In the last edition of our Newsletter we mentioned the rains – as always – and again the weather is playing around everywhere…. The Tanzania coast has had torrential downpours but also the Highlands closer to us have drenched the land, yet once those moisture-laden clouds hit the crater wall, there is none left for us beyond on those wide open plains and the surrounding woodlands. Even in Seronera in the centre of Serengeti things have dried up and right now it looks like we are already well into Dry Season! And this week the first signs of early burning in the Serengeti Park were visible late afternoon with a spectacular smokescreen sunset towards the West.
But it is very strange to see our supply cars return red mud-stained from Karatu and we truly wonder how we can be so dry here! Here we are surrounded by dry, dry but both Lake Ndutu and Lake Masek are full to the brim, which is wonderful and hopefully in a while when there is more evaporation and the ‘krill-soup’ is ready it will bring back an abundance of flamingoes once the water levels are coming down.
So this year, as early as end March the great herds left us to move west and north. Remaining are many small herds of Grant’s and Thomson gazelles which keep the cheetahs and the lions happy. Our one big resident herd of buffaloes as usual hangs around the Big Marsh, where the Reedbuck reside too and there are Giraffes to prey upon, as well as the zebras if they venture near the marshes!
Oddly enough though, several localised short rainstorms developed in the afternoons during late April and through May, always in the Triangle-Hidden Valley region. With the last year re-alignment of the NCAA-Senapa Park border in the Ndutu area, we can now use parts of Hidden Valley and so in the midst of this “dry” story of not a drop of rain here since mid April one can leave the Lodge in a cloud of dust, and within half an hour be slipping in the mud and getting stuck! Following our old ‘Boundary track’, and leaving Frontier forest to the SW you suddenly end up amidst herds of wildebeest and zebras.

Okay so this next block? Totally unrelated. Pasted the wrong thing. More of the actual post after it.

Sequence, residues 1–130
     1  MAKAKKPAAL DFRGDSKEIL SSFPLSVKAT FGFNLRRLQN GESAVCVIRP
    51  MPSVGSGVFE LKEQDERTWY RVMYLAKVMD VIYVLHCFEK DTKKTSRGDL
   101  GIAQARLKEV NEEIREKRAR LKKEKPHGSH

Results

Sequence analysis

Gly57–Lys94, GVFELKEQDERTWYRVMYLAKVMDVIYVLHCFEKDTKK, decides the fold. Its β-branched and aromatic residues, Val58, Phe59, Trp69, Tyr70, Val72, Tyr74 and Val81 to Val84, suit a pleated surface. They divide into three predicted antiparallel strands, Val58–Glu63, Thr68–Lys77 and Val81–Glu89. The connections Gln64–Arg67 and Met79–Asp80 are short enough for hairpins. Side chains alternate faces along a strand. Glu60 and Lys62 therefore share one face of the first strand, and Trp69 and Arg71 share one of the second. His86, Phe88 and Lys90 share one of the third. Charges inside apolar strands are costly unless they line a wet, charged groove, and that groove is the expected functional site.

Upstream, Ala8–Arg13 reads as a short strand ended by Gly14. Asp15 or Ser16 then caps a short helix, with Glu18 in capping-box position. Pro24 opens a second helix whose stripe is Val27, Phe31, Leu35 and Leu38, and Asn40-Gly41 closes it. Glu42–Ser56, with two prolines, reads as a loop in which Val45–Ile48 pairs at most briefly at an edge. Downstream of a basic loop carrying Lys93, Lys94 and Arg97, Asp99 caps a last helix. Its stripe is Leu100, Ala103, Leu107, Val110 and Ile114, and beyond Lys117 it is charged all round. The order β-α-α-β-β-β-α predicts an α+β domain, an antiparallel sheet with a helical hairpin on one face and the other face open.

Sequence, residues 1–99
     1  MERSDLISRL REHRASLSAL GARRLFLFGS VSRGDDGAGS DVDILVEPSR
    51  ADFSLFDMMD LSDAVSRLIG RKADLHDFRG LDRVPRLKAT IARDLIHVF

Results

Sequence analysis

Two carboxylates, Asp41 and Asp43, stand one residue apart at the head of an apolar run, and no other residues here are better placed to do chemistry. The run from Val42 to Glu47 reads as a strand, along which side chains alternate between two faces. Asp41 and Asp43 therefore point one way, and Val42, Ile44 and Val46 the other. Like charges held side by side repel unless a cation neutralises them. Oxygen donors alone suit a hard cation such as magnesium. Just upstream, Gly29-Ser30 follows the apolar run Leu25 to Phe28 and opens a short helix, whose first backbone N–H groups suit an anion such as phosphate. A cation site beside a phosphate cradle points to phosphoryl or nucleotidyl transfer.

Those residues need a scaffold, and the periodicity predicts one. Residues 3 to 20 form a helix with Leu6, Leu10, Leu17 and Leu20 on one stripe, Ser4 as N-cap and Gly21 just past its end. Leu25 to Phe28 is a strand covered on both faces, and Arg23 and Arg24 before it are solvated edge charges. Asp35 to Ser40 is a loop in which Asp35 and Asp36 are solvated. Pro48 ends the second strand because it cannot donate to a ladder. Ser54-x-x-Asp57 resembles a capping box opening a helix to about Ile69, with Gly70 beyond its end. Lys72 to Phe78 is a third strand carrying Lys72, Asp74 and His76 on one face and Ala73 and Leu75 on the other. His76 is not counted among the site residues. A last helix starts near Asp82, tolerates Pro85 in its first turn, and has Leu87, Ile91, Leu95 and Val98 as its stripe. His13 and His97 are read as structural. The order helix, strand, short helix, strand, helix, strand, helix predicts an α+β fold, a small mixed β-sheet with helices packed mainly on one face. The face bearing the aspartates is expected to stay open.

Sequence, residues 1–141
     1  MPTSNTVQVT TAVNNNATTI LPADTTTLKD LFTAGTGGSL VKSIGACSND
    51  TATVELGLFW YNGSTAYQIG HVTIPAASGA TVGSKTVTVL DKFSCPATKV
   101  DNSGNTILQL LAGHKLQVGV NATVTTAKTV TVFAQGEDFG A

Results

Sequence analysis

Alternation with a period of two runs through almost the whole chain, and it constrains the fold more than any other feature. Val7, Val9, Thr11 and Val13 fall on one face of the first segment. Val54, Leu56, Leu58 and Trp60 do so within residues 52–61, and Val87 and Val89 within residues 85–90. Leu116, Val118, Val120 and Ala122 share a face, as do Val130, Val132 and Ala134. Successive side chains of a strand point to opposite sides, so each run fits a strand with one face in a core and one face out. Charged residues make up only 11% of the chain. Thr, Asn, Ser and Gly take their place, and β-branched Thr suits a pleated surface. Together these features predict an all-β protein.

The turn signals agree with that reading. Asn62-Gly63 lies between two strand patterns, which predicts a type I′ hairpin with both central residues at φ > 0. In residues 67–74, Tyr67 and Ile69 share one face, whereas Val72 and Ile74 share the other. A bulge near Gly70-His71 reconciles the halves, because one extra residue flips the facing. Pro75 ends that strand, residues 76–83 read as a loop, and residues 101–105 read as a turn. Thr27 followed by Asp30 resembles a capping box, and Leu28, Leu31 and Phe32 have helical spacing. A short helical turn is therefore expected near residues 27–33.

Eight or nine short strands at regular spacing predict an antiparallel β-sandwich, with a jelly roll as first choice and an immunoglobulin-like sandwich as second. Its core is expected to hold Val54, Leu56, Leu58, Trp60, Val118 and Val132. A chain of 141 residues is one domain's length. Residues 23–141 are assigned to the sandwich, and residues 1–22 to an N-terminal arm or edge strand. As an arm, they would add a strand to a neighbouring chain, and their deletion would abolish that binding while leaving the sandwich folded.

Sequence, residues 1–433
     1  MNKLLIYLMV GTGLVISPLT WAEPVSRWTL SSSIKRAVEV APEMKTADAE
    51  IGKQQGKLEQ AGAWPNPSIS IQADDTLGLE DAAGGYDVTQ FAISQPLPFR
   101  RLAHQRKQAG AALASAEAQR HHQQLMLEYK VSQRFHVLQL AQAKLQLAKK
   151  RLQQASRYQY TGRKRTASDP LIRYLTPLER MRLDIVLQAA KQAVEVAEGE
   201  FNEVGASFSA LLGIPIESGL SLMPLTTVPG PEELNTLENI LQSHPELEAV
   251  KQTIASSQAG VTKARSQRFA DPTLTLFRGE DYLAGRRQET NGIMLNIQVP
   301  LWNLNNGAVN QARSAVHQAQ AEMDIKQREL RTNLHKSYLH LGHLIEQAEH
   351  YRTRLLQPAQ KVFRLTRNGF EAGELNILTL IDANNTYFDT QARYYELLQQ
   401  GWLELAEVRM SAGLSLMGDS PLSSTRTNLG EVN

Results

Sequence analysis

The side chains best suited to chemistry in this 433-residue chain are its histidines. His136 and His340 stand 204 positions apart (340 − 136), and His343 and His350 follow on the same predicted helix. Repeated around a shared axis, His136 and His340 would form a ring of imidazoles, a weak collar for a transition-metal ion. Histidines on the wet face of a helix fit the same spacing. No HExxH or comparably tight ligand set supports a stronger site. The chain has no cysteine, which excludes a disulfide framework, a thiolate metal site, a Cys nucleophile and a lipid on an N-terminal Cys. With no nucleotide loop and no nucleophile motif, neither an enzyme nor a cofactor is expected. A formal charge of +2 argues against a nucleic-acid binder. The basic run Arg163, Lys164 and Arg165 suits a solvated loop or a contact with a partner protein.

There were some exciting few weeks in March and early April when the wild dogs were sighted again in the southern Makao plains; at the time Hamisi with clients saw them they had not denned yet. There is word that the group of 12 individuals is still out there and we hope that maybe this year they will den and raise pups successfully! In the next Newsletter, Ainslie will no doubt give much more detailed information about our larger carnivores, but rest me to say that the Marsh, Masek and Thin Pride have been seen and are all doing well… Occasionally, we have heard some roars at night from the east, but it has been very quiet over the past months.. Ramos and Puyol are roaming a large area between Lake Masek and Twin Hills, not always easy to follow what with all the whistling thorn the dominating bush!